Landscapes that Anticipate the Future

Updated Mar 10, 2015

Common-sense features adapt to changing needs

1. Seating located thoughout to offer respites 2. Stairs with 6” max risers and low-mounted lights 3. Obstacle-free paths slopes less than 1:12 gradient 4. Tactile warning strips at stair tops and handrails that extend a minimum of 1’ beyond top and bottom of stair 5. Multiple level permaculture

One of the most talked about demographic trends in America is the aging of the Baby Boom. If you are looking for the future of landscaping, you need look no further.

This huge chunk of our population will attempt to downsize their homes and properties and generally be faced with mobility and access issues that will present opportunities for savvy landscaping professionals.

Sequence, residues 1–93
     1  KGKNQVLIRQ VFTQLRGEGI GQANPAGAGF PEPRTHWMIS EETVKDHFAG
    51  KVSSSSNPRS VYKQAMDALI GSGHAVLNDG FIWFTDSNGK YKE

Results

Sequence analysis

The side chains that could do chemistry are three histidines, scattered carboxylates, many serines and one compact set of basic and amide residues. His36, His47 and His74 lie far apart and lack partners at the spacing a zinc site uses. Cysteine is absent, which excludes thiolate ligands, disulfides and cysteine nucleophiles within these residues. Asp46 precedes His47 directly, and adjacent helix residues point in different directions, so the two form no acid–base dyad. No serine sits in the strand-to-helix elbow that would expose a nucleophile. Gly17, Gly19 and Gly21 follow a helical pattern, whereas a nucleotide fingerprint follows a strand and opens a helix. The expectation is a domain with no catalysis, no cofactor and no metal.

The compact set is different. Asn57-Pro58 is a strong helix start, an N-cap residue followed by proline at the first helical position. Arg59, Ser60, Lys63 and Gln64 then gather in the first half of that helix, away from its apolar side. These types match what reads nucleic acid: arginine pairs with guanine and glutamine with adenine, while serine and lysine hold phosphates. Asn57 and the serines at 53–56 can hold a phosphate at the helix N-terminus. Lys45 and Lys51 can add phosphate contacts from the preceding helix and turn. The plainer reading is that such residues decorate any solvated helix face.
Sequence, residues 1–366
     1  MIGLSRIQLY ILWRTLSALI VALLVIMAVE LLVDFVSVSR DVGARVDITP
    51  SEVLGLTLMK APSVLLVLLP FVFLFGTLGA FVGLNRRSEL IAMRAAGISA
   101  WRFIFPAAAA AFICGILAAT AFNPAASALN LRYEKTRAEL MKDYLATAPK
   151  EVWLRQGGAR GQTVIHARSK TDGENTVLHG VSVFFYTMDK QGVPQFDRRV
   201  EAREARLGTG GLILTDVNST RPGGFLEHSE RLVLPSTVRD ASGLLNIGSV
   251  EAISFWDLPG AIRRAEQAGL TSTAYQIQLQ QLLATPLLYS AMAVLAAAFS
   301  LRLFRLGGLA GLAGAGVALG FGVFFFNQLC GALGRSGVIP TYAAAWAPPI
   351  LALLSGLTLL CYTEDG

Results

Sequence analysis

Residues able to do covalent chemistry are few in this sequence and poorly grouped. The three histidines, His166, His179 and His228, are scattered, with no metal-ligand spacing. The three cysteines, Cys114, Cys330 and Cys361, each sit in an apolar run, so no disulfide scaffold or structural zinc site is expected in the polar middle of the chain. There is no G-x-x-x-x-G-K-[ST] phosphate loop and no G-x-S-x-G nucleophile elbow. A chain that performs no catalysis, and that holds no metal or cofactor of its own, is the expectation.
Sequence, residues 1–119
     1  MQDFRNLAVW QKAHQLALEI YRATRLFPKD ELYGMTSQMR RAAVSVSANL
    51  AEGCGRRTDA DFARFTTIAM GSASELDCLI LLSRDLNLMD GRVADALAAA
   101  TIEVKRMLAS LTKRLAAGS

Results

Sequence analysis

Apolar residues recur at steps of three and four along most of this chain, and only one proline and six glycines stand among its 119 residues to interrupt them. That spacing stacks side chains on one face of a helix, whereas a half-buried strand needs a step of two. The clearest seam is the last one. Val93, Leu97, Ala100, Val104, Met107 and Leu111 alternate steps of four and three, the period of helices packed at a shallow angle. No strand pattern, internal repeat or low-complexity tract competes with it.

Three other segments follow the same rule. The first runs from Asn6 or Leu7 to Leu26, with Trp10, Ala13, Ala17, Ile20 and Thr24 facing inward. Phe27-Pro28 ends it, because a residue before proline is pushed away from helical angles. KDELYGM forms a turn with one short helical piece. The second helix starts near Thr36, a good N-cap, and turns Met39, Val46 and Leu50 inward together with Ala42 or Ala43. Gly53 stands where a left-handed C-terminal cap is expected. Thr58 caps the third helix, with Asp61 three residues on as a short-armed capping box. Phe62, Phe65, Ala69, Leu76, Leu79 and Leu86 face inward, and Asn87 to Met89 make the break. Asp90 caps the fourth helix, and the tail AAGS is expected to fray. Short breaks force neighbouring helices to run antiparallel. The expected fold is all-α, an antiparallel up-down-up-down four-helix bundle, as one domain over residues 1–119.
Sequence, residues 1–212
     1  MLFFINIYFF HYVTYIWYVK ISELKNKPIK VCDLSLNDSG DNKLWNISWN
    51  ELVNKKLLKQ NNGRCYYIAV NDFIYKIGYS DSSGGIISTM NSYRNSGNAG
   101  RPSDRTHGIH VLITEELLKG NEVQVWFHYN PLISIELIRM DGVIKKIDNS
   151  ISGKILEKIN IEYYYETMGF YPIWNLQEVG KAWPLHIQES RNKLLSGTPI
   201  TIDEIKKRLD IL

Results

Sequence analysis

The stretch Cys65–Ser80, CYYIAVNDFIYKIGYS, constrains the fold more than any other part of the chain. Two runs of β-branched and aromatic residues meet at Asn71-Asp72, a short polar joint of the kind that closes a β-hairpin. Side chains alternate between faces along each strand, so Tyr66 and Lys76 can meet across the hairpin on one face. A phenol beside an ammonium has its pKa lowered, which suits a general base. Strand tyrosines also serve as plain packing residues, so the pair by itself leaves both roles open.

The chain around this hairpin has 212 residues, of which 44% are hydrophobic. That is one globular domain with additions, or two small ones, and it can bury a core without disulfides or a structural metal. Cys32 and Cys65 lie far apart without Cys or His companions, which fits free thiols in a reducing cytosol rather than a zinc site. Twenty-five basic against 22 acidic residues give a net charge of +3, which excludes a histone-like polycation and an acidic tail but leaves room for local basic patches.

“People want to stay in their homes and their gardens for life,” says Charles Schwab, AIA, of Schwab Architects in Rock Island, Illinois. “It’s not enough to improve access in and out of the house. Clients want to be involved in the landscape, perhaps on a smaller scale than before, but still involved.”

In recent polls of TLC readers and members of the American Society of Landscape Architects, more than a third of respondents stated there will be increased demand for residential landscape designs that allow owners to “age in place” and access their landscapes when confronted with limited mobility.

While you’re designing for today, recognize that circumstances and clients’ needs change.